Thursday, 16 April 2009
Lifting the spirits
The last fortnight has been very busy, and every time I considered posting, my heart sank a little, as I could not think of what to say, or how to say it. It all came out dreary, which is not really how it has all been. I probably left it all too late at night to have any creative energy. Anyway, here goes.
The main cause of tiredness was the choir. We had our concert on Saturday night, and there were long and tiring practices during the week. We had early starts and late finishes. Each night I came away feeling exhausted, and with incredibly sore feet. One of our pieces was very difficult. Fortunately it all came right on the night. Thank the Lord for that, and thanks to all of us who worked so very hard. And if anyone has a cure for tired, sore and numb feet, I am prepared to try it and endorse it on national television with close up pics of the feet before and after. The simple answer might be not to stand rigidly for so long in such uncomfortable and crowded conditions.
It is an amazing thing that choir members are inevitably forced to endure awful conditions in order to make wonderful music. The first concert I sang in was in a church. It was a freezing Canberra winter night. While the audience sat in heated pews, we sang standing on the marble steps to the altar, and my feet got so cold that I nearly fell flat on my face when the concert ended. Often there is not nearly enough room for everyone, let alone for the music. The authorised choir 'uniform' is often too hot, and ignores the climate or the weather. One choir sings in academic gowns over their clothes, including long sleeved blouses, even in the middle of summer. Often you cannot sit down at all. Obviously we must all really like singing to endure such discomforts. We do, of course.
The choir having performed well, we all felt very happy, and got a great buzz from the sheer pleasure of it all. It was the last performance with our conductor, who has to return to his family business in his country of origin. We had a terrific two years with him, and now are faced with the challenge of working with a new conductor. It will be a hard act to follow.
Sandwiched in between all this was the blogmeet with Frogdancer, M, Fifi, Anna, Eleanor and Kim. Although I wondered how I would manage to recognise a whole lot of people whose faces I did not know, Frogdancer and I found each other, and it was a great night and enormous fun - just not long enough by half, thanks to the restaurant's unreasonable reluctance to let us continue until dawn...curious fellows. Everyone was so different, and so interesting, and the only frustration was not having long enough to talk to everyone in detail.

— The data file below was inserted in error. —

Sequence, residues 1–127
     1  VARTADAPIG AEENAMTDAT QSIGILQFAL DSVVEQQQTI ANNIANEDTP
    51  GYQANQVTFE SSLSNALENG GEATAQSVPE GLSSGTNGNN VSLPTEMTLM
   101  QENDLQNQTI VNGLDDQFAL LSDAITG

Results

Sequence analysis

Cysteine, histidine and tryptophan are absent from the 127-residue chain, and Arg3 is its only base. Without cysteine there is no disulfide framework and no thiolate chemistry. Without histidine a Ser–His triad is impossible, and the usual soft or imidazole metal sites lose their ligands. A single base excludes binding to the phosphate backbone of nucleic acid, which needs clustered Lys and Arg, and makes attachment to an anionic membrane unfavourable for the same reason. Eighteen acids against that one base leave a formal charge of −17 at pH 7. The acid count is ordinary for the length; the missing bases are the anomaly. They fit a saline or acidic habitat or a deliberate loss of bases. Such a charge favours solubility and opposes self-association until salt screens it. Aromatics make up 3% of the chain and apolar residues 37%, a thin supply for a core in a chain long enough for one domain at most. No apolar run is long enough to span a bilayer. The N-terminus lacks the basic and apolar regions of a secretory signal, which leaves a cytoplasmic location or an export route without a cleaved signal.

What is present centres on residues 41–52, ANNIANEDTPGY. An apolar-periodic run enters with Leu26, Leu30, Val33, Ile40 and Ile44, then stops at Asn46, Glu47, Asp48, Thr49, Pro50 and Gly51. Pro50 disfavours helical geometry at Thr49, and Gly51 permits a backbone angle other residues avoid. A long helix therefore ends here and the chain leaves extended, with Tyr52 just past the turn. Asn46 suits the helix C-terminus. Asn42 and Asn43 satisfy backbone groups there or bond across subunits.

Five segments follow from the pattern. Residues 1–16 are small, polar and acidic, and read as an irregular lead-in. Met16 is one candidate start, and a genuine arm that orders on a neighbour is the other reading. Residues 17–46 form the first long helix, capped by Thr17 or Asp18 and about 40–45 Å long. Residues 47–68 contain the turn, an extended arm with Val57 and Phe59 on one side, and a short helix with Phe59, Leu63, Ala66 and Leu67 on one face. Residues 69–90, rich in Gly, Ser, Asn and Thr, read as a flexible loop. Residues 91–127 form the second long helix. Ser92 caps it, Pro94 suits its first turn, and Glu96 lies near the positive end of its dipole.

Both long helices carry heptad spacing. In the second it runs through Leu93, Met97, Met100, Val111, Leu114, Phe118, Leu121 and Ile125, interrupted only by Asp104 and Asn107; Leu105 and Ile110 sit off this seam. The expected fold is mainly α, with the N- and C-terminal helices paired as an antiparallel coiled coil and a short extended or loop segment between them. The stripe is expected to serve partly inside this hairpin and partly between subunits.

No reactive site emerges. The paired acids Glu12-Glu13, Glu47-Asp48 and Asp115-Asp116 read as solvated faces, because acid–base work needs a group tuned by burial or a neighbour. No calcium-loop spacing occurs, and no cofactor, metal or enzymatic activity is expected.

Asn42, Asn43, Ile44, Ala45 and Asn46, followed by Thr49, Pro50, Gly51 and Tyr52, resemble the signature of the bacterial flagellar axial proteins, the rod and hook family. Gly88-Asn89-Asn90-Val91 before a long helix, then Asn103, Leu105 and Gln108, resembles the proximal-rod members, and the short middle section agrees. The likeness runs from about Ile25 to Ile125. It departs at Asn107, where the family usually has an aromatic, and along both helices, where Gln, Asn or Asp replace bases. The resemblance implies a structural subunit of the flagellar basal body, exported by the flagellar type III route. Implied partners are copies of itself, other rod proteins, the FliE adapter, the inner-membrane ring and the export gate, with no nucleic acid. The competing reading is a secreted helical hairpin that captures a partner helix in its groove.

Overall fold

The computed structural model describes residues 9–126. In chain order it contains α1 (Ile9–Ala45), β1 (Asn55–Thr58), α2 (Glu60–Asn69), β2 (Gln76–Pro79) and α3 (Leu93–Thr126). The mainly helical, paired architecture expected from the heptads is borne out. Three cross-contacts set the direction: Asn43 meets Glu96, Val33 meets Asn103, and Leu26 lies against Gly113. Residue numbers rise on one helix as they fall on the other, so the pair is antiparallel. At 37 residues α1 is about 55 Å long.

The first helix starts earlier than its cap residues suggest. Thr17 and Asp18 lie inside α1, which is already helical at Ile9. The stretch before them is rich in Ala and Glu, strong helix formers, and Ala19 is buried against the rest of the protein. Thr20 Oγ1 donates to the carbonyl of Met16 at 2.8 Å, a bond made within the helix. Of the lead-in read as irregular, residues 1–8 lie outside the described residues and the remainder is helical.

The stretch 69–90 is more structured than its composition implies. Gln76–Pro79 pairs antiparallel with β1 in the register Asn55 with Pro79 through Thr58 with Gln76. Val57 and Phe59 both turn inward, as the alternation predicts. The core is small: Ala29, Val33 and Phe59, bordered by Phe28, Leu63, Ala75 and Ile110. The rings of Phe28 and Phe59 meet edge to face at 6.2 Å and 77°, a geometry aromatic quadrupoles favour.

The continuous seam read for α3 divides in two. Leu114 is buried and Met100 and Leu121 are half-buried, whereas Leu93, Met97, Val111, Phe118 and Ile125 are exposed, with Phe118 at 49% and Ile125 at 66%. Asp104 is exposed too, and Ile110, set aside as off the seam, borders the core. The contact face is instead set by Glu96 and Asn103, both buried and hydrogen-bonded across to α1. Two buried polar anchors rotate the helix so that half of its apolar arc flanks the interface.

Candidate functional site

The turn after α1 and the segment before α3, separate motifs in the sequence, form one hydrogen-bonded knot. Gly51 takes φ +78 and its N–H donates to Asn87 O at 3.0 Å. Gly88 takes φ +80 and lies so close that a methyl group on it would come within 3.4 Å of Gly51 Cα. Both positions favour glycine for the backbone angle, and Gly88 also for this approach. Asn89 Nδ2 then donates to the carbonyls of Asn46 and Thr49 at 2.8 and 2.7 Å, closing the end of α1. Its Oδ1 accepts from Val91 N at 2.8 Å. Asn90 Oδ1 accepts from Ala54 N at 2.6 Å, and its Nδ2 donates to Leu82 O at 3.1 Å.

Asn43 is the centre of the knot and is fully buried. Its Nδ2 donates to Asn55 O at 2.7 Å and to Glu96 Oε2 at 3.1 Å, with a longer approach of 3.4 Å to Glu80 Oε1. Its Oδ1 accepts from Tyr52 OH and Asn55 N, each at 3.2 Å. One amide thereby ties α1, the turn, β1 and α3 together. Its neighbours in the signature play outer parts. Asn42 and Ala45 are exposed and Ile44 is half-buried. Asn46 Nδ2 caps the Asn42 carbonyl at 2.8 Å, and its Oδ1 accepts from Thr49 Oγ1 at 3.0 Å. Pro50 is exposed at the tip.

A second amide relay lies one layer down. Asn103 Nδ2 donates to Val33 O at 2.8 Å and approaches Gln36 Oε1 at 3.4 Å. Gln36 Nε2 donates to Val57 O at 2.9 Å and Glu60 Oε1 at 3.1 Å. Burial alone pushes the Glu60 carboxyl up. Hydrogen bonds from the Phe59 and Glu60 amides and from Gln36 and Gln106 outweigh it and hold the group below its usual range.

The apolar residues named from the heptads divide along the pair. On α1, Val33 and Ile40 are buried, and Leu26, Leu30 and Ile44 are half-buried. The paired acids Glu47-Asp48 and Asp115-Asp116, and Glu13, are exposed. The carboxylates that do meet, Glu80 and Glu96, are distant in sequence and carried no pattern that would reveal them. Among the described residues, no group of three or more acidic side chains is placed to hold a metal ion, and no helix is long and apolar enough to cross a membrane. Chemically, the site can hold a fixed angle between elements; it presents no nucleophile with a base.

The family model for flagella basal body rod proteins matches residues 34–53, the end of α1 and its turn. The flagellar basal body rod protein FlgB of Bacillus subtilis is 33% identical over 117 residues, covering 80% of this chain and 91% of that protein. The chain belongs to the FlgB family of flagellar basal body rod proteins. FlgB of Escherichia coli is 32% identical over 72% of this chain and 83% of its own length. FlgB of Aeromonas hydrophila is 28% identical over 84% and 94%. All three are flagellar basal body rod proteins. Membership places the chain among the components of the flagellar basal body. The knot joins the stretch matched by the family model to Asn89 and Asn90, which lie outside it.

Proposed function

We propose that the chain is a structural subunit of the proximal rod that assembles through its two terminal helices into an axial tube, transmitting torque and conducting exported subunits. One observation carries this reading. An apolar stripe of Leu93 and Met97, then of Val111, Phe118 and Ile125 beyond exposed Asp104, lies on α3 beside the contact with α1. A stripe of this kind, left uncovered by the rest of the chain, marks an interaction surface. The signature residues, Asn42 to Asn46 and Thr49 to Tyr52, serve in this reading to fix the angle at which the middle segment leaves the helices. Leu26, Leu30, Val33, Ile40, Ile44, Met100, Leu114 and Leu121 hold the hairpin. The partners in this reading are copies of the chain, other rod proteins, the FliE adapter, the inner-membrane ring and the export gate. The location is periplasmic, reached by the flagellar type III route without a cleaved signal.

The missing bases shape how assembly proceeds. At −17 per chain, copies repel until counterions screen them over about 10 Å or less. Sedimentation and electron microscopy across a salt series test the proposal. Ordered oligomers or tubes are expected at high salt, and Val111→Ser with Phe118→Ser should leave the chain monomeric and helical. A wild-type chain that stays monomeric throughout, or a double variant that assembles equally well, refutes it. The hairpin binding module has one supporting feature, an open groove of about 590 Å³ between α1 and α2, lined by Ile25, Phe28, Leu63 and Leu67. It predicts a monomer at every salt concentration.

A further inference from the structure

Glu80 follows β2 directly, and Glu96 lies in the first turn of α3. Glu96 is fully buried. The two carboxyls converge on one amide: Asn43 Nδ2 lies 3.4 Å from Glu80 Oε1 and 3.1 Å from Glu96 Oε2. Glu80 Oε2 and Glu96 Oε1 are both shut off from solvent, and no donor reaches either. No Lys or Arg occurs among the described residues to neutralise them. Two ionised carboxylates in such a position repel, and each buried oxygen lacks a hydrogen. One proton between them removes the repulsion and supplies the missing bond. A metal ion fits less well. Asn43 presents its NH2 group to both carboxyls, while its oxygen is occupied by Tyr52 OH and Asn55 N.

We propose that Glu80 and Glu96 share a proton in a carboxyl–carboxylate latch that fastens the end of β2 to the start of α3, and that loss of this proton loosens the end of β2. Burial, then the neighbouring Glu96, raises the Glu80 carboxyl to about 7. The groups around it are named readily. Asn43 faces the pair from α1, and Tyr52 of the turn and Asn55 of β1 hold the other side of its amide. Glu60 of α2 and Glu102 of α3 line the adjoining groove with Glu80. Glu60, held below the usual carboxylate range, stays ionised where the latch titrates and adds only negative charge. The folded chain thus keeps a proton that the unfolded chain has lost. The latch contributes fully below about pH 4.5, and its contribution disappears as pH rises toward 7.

Easter itself was quiet. SD3 and her partner were staying with us for a couple of days, but they went out to meet friends for most of Sunday, and we then had takeaway Thai food for dinner - their choice, as apparently you cannot get good Thai food in Bali, where they work. But I felt as though Easter had passed unmarked, other than the choir's concert, and thus feel rather unfulfilled. And although I talked to most of the family, my heart is always sore at not being together.
I am going to Melbourne tomorrow for a few days, for the wedding of one of my nephews. (I have 21 nieces and nephews, and my children have 26 first cousins.) As Dr P has a medical appointment on Tuesday, I will be back here on Monday. There is a school reunion the following Saturday, so I will make another quick visit. If Qantas is not making enough profit it is not my fault. This weekend there is no back up for Dr P, so I feel a little nervous about going. It will be good to see Stomper and my little grandsons.
Today I have been racing around trying to get organised for Dr P - leaving food (rissoles again), notifying the neighbours of my absence, and also giving more details to our emergency/panic service. I just hope that this time there is no crisis. Last time there was.